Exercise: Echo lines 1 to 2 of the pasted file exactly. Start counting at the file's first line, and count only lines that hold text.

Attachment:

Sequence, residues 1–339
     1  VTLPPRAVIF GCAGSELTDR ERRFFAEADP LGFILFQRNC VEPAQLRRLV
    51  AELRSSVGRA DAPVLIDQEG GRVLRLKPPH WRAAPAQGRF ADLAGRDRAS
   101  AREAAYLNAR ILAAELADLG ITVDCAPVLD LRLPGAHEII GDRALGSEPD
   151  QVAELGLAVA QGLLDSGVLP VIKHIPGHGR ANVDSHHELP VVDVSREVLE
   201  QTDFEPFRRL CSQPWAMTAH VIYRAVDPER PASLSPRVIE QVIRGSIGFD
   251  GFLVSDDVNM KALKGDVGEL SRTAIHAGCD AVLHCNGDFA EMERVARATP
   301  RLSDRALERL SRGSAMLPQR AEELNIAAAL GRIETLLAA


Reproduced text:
Sequence, residues 1–339
     1  VTLPPRAVIF GCAGSELTDR ERRFFAEADP LGFILFQRNC VEPAQLRRLV